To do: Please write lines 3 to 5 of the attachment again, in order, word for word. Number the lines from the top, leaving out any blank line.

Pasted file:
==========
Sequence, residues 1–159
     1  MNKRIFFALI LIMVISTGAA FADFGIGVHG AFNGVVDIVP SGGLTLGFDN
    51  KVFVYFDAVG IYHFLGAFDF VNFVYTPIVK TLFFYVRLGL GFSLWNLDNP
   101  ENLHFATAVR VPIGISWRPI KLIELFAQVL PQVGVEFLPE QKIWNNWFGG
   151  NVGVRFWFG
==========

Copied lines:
    51  KVFVYFDAVG IYHFLGAFDF VNFVYTPIVK TLFFYVRLGL GFSLWNLDNP
   101  ENLHFATAVR VPIGISWRPI KLIELFAQVL PQVGVEFLPE QKIWNNWFGG
   151  NVGVRFWFG